In some ways, a digital ID could improve privacy — for example, by allowing you to share only the data on your license that a verifier needs to see. If you’re over 21, a digital ID could let you prove that fact without needing to share your date of birth (or any other information). But if not done perfectly, they are likely to do more harm than good.

In the longer term, the digitization of our driver’s licenses could lead not only to an explosion in demands for those IDs (including by automated systems), but also to an explosion in the data that is stored in them. Digital ID boosters are already proclaiming that they will store everything from health records to tax data to hunting, fishing, and gun licenses. And they could very easily turn into something that becomes mandatory, rather than an optional accessory to the physical license.

How close are digital driver’s licenses to becoming real? A secretive international standards committee (which won’t reveal its members but which appears to be made up exclusively of corporate and government representatives) is currently putting the finishing touches on a proposed interoperable global standard for what it calls “mobile driver’s licenses,” or mDLs. The association representing U.S. DMVs is moving to implement that standard, as are federal agencies such as DHS and the TSA.

But the licenses we would get under this standard are not built to include airtight privacy protections using the latest cryptographic techniques. They are not built primarily to give individuals greater control over their information, but to advance the interests of major companies and government agencies in inescapably binding people to identity documents so they can be definitively identified online and off. It’s vital that we only accept a system with the strongest possible privacy protections, given all the potential ways that mDLs could expand.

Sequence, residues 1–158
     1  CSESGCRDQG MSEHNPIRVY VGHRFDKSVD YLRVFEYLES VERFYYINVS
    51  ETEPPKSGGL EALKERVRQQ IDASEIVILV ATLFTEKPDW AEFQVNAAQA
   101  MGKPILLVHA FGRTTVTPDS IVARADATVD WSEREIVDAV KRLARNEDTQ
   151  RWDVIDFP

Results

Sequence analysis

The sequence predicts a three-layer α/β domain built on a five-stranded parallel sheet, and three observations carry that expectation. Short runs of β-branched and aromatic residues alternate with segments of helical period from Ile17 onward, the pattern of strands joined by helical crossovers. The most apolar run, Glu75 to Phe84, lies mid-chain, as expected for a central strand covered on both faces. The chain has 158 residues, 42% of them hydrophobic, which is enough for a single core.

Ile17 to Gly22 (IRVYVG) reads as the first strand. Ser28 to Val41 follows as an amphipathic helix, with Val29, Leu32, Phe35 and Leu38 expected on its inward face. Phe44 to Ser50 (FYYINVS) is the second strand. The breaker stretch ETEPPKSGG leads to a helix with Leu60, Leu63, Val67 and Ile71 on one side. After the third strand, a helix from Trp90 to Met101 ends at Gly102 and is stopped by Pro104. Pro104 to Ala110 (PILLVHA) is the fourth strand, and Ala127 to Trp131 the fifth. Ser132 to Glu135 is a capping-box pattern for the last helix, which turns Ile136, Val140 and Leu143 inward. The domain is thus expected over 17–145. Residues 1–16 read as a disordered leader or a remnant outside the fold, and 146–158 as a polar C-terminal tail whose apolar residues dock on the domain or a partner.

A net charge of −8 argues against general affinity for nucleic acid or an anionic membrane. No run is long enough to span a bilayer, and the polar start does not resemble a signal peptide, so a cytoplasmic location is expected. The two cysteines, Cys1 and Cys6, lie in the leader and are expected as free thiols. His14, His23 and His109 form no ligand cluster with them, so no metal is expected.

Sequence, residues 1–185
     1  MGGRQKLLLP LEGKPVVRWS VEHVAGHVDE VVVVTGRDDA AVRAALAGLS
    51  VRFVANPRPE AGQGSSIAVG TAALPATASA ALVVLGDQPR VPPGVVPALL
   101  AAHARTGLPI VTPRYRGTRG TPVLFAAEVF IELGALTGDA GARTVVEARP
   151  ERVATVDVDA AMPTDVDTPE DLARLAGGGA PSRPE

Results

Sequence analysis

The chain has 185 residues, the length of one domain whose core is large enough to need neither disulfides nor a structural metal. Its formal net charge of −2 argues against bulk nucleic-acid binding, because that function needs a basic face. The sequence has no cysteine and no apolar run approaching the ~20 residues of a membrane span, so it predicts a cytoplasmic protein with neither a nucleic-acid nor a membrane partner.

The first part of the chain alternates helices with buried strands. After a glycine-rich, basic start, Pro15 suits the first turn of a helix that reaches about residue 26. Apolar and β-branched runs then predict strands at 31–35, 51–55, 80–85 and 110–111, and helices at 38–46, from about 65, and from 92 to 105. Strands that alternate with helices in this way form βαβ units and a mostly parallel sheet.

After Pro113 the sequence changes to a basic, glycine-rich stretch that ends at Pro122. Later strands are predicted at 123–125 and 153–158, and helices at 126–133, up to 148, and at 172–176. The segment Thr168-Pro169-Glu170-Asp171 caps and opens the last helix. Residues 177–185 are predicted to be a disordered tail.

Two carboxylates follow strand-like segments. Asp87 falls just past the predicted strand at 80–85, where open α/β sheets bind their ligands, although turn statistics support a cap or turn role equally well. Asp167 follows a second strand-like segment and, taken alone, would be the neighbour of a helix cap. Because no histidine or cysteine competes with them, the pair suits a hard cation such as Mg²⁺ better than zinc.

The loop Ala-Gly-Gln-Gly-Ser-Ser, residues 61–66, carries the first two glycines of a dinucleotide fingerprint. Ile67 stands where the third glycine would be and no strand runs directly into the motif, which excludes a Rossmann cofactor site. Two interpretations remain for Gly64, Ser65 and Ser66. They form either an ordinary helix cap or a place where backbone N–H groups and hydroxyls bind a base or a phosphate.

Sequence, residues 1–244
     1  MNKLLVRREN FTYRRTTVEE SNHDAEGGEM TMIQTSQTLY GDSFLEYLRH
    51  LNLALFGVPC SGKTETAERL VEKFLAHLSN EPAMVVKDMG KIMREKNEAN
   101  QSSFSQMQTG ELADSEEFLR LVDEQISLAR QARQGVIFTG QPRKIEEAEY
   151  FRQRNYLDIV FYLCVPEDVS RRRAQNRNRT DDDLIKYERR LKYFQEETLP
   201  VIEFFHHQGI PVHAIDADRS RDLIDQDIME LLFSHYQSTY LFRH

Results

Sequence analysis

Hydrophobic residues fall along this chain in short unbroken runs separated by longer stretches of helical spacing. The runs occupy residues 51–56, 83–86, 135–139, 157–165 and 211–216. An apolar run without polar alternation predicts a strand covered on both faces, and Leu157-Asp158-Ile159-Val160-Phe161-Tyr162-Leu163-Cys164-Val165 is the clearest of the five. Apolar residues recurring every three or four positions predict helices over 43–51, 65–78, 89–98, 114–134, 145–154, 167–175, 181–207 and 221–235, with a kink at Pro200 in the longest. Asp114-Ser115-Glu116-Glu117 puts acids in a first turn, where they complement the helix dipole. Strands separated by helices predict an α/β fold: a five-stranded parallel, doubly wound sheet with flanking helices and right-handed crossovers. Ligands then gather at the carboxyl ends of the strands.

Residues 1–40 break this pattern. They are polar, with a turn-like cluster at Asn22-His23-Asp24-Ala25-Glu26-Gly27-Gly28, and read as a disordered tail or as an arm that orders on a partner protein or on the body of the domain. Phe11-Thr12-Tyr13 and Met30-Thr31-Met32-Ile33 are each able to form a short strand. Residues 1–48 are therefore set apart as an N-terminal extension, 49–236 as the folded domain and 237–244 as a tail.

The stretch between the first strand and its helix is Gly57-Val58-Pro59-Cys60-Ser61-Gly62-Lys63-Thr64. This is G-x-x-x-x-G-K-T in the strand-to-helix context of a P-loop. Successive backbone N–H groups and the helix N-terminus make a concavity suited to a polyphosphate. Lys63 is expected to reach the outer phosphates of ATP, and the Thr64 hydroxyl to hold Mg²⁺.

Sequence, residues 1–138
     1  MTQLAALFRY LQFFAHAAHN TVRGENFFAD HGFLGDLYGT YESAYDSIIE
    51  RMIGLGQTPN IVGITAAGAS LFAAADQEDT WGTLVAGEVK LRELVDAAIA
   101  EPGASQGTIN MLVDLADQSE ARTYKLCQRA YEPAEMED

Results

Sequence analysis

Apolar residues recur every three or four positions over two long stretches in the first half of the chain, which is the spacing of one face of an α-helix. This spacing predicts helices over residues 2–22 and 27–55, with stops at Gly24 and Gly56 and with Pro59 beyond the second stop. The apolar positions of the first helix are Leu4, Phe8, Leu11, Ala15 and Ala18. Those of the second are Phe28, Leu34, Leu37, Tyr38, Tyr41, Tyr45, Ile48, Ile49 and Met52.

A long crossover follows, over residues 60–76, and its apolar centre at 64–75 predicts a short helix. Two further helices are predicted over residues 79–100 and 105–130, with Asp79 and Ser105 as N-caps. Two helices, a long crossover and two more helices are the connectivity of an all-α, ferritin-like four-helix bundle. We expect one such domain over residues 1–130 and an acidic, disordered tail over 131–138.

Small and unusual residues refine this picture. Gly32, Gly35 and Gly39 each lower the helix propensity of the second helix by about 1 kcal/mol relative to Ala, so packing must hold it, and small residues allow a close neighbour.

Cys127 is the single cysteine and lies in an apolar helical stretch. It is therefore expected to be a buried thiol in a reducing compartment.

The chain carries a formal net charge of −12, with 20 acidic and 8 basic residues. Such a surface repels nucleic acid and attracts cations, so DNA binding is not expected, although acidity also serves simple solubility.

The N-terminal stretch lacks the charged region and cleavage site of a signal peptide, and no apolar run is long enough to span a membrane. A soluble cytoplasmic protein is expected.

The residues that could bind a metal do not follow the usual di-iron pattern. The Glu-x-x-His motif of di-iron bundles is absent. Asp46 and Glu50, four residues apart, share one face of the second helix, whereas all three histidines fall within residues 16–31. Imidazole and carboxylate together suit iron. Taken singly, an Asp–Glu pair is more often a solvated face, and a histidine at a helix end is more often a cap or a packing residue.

In our new report we make a list of recommendations for digital IDs. We call on state legislators to insist that the standards for digital driver’s licenses be refined until they are built around the most modern, decentralized, privacy-protective, and individual-empowering technology for IDs; that they make sure that digital identification remains meaningfully voluntary and optional; that police officers never get access to people’s phones during the identification process; and that businesses aren’t allowed to ask for people’s IDs when they don’t need to.

Identification is necessary sometimes, but it’s also an exercise in power. As a result, the design of our IDs is a very sensitive matter. A move to digital IDs is not a minor change but one that could drastically alter the role of identification in our society, increase inequality, and turn into a privacy nightmare. A digital identity system could prove just and worthwhile, if it is done just right. But such an outcome is far from guaranteed, and much work will have to be done to implement a digital identity system that improves individuals’ privacy rather than eroding it, and is built not to enclose individuals but to empower them.